The story of Jock Yablonsky (Charles Bronson) and his family's fight to overturn the corrupt leader of the United Mine Worker's Union, Tony Boyle (Wilford Brimley).
It's a curious mixture of strengths and weaknesses. It is, of course, hampered by the plot, which happens to be as true as these "based on a true story" movies get to be. I don't know what conversation Bronson had with his wife (Ellen Burstyn) and his daughter (Carolyne Kava) had before they went to bed on the night of their murders. Nobody does, so the lacunae are filled with plausible exchanges of love and mutual confidence. It heightens the drama anyway. A loving family slaughtered. Suppose they'd had a drunken argument and thrown muffin cups at one another? Not that the assassination itself needs much hype. It's pretty shocking. Three skanks open a window of Yablonsky's well-appointed country house during Christmas, have petty disagreements in whispers, and finally bring themselves to pull the triggers. The air crackles with tension.
The dialog isn't in any way offensive, and the acting in general is at least up to par. Bronson gives a laid-back performance, and Ellen Burstyn does the most convincing job of all. Maury Chaykin is excellent as the chubbiest, if not the dumbest, of the three or four hoods, constantly bickering over who gets how much and who shoots first.
There are some good scenes too, besides the shocking executions. Here's Maury Chaykin lying in bed in his shorts, smoking, drinking beer, twirling his borrowed pistol around and going BANG as he points it at objects. One of the objects is his exasperated girl friend and there is, how you say, an accidental discharge? He gapes with the uncomprehending expression of some kind of poleaxed steer as she slumps to the floor with a hole in her belly.
Another fascinating scene has the leader of the goons, an amateur gun nut, lying in bed with his wife, Ellen Barkin. We've been told he's nuts about her, but she pretends to be asleep while he squeezes her various body parts and gets off by means of what the French call "frottage." But after money is mentioned, Barkin becomes a combination of Delilah and Lady MacBeth. "Come on, honey," she coaxes him, while kissing her way down his ribs, "it won't be so hard. You can kill him in a parking lot."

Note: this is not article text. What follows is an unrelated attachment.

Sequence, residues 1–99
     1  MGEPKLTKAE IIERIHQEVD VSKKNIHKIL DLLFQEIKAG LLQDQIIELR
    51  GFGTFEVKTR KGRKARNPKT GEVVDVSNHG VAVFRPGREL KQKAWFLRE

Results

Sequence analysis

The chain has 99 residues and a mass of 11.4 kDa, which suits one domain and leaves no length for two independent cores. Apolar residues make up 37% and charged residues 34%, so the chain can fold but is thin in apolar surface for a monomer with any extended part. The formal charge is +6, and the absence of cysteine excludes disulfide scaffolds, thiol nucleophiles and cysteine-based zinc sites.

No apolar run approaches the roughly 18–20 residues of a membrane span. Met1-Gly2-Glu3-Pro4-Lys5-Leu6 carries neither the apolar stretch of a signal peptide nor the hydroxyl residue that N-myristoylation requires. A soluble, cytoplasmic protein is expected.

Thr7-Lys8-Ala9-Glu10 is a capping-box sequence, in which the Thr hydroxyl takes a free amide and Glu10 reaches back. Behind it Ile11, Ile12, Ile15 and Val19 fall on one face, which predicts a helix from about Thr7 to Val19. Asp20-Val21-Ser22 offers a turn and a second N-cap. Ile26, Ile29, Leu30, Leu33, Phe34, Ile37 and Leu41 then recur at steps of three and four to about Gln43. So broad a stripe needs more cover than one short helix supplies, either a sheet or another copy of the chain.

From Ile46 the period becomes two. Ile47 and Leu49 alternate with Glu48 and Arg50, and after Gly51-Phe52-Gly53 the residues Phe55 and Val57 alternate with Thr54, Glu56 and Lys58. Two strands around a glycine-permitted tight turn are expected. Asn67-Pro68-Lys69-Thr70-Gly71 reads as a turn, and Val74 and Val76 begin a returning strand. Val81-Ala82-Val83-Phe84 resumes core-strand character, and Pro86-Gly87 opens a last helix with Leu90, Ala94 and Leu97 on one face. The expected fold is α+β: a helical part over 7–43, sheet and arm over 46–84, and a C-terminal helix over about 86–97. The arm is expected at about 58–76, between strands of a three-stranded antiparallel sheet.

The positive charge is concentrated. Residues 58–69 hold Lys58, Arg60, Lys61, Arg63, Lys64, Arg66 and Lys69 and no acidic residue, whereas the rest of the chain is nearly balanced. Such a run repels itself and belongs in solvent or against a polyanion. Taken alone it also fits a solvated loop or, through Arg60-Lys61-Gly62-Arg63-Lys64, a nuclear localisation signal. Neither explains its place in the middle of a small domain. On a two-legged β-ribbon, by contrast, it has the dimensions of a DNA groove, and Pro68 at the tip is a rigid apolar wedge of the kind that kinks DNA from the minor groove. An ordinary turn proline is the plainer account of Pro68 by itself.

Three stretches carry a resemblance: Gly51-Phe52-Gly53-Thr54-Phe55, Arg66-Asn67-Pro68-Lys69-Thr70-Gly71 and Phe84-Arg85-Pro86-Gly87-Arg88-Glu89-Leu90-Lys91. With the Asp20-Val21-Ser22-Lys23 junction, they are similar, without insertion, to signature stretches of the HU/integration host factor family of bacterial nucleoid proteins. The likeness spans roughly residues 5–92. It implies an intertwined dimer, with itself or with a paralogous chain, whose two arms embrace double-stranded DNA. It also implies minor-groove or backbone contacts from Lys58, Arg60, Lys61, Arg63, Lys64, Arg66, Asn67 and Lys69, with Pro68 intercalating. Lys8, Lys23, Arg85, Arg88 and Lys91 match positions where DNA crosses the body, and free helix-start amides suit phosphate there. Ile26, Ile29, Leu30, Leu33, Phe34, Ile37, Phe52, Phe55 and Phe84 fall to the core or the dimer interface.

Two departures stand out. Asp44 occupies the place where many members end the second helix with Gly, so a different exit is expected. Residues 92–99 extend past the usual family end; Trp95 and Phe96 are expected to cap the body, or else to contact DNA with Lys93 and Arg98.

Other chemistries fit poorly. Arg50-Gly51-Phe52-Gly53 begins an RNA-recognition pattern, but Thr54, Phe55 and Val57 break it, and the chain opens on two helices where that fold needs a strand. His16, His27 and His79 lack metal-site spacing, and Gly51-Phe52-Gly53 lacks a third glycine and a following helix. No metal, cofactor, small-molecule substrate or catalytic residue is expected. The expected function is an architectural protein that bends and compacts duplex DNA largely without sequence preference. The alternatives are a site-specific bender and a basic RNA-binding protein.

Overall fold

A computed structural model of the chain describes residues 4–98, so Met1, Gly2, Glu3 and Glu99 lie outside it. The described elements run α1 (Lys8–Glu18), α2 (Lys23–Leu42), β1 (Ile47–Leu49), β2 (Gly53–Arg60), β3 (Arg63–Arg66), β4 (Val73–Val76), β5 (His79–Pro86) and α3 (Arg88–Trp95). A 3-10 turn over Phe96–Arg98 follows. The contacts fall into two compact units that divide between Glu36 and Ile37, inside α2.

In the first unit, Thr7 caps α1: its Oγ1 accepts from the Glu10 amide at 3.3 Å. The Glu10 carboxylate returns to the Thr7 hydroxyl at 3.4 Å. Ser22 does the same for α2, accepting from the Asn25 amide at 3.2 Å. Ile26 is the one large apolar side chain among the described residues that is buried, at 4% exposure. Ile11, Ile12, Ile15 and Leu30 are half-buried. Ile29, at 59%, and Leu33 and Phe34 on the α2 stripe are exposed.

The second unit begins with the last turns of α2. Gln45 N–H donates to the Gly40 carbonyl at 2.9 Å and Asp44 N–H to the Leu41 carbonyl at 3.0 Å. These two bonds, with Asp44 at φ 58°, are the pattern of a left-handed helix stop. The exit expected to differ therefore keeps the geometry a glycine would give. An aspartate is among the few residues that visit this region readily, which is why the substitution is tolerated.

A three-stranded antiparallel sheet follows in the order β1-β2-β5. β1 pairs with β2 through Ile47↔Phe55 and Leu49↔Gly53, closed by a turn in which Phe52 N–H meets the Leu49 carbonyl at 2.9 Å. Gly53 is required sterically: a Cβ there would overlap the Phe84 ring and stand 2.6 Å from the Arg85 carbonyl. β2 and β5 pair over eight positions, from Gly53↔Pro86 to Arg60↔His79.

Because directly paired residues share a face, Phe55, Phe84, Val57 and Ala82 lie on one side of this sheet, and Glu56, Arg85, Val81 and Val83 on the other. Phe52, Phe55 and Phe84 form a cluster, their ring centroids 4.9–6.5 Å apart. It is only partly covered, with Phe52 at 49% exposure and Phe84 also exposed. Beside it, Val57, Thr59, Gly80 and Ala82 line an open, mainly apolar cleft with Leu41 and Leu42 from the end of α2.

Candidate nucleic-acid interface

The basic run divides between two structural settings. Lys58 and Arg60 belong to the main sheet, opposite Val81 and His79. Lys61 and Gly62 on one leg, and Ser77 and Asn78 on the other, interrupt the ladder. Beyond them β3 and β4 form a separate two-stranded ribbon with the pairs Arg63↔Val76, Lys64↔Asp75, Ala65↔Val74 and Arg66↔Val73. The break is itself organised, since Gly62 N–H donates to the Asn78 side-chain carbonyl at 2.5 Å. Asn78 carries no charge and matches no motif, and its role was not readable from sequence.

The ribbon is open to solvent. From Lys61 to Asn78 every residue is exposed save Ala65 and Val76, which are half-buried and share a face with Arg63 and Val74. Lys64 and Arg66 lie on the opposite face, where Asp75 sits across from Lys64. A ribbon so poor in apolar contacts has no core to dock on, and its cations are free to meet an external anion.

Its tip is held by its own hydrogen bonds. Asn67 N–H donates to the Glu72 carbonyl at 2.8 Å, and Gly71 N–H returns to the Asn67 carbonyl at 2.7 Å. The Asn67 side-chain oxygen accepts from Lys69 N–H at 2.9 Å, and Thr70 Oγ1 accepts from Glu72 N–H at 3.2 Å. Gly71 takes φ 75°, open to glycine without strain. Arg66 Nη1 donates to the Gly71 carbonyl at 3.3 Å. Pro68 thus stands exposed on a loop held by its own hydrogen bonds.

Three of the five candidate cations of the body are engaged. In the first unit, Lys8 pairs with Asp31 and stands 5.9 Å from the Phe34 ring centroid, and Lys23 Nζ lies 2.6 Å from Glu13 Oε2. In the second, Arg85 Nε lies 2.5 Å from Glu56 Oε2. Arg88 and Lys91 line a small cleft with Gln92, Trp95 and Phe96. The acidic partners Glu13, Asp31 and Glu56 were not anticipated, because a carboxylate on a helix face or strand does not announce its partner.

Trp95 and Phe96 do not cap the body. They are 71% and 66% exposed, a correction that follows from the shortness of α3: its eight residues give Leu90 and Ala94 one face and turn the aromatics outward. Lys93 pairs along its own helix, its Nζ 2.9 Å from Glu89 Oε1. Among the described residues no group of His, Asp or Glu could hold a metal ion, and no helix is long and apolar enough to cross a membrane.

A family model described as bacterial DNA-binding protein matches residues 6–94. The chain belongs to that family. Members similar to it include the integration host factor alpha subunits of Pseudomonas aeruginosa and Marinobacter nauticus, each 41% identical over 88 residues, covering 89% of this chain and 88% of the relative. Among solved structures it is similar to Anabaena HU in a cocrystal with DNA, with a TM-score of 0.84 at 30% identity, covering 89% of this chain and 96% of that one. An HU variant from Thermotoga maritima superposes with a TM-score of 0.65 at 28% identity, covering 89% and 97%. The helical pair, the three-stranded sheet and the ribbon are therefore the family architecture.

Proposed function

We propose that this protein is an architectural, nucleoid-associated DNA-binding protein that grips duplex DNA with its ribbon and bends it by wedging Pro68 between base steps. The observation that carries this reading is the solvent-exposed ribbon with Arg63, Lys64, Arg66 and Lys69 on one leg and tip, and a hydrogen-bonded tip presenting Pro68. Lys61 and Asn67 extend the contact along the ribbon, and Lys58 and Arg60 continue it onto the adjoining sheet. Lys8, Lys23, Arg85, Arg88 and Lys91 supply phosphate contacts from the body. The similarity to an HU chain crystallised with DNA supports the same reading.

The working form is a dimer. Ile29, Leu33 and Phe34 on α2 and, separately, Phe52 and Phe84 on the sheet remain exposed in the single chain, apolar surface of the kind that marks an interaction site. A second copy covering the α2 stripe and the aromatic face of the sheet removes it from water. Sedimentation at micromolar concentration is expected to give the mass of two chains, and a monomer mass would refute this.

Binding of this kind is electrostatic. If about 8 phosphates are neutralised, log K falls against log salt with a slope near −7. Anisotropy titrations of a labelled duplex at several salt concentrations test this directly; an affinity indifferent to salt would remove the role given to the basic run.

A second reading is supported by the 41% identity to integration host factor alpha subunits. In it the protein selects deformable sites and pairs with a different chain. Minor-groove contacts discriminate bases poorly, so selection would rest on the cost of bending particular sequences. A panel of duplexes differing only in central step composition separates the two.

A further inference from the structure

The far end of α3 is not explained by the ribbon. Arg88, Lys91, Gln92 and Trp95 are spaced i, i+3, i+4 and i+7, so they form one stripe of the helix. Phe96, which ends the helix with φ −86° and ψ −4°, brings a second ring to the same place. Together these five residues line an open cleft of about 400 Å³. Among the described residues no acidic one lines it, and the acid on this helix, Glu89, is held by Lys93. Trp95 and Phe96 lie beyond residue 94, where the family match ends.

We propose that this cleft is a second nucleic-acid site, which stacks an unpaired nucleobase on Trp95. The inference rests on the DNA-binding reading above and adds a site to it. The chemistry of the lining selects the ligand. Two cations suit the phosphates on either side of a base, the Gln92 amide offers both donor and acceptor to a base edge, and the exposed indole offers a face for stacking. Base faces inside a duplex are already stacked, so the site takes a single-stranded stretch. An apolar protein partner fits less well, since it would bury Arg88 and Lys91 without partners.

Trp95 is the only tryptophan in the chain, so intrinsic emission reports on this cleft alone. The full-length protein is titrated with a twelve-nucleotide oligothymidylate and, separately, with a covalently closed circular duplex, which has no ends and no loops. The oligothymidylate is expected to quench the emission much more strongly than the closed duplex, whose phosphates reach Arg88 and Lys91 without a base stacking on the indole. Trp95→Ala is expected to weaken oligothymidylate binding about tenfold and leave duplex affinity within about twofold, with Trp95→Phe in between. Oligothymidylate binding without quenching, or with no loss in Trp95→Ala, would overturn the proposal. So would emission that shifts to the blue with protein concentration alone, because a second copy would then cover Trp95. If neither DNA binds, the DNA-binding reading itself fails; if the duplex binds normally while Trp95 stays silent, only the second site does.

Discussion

The weakness is in the plot itself, which is stuck with an ordinary tale of a man who is (almost) all good being killed by guys who are (entirely) all bad. The narrative is about how Bronson alienates himself from the leaders of the corrupt union, challenges them in an election, and when the rigged results come in, declares that he's going to challenge the election in court. Bronson starts out as just another high-echelon conniver, one of Brimley's tools. But his conversion to rectitude is quick -- too quick. It took a long time for Eva Marie Saint and Karl Malden to turn Marlon Brando around in "On The Waterfront." Here, it takes about two minutes of screen time.
It would also have been interesting to learn just what "corruption" means in the context of union management. Only one hint is given. Nothing is said about "laundered money," and that's something I've always been curious about. I once left a dollar bill in the pocket of some trousers I washed, but aside from that I'm ignorant. A little frustrating.
It's strange to see Bronson playing a role like this. He's usually the hero, true enough, but in this movie he gets belted in the stomach and falls to his knees, and at the end he's shot many times. Never once does he make a wisecrack to some overconfident street rat and then clip him on the jaw. There is no speeding car chase, no exploding fireball. Without those things, Bronson is hardly Bronson.